Best tools in the MLB Futures Game

Texas prospect Joey Gallo isn't just blessed with plus-plus power; he has a huge arm at third base. AP Photo/Brian Westerholt

The 16th annual MLB Futures Game will take place Sunday at Target Field in Minneapolis, and yes, I'll be there, my ninth Futures Game. It's an event that brings some of the best prospects from around the minors together on one field for a nine-inning exhibition that is far more interesting than the actual All-Star Game on Tuesday. The first one I attended featured Joey Votto, Alex Gordon, Homer Bailey and Hunter Pence; the 2007 game included a 19-year-old lefty named Clayton Kershaw. Here's a quick guide to some of the 2014 players, focusing on which players grade out the best in the five hitting tools or in some of the major scouting categories for pitchers.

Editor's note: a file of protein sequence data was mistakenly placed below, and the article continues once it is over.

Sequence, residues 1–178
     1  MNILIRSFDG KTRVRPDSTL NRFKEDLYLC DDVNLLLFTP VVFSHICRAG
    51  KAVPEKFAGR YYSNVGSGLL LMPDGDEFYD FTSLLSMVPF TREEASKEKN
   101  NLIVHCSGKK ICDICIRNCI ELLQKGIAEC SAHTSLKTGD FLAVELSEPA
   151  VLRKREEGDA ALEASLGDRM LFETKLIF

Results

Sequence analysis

Best hit tool

Josh Bell, OF, Pittsburgh: Bell missed just about all of 2012 because of a bad knee injury and spent much of 2013 shaking off the rust from losing his entire first pro season. This year, however, Bell's promise in high school is showing up on the field, as he's making a ton of contact, much of it hard, with a .380 average since the start of June, and nearly equal triple-slash lines from the left and right sides. Sean Coyle, Corey Seager, D.J. Peterson and Francisco Lindor also have above-average to plus hit tools.

Best power

Joey Gallo, 3B, Texas: There's a ton of power in this year's Futures Game, with Gallo leading the way. He has enormous left-handed pull power, comparable to Giancarlo Stanton's, producing 93 homers already in 254 professional games, 31 this year. The U.S. team alone has at least four players with grade-70 power or more: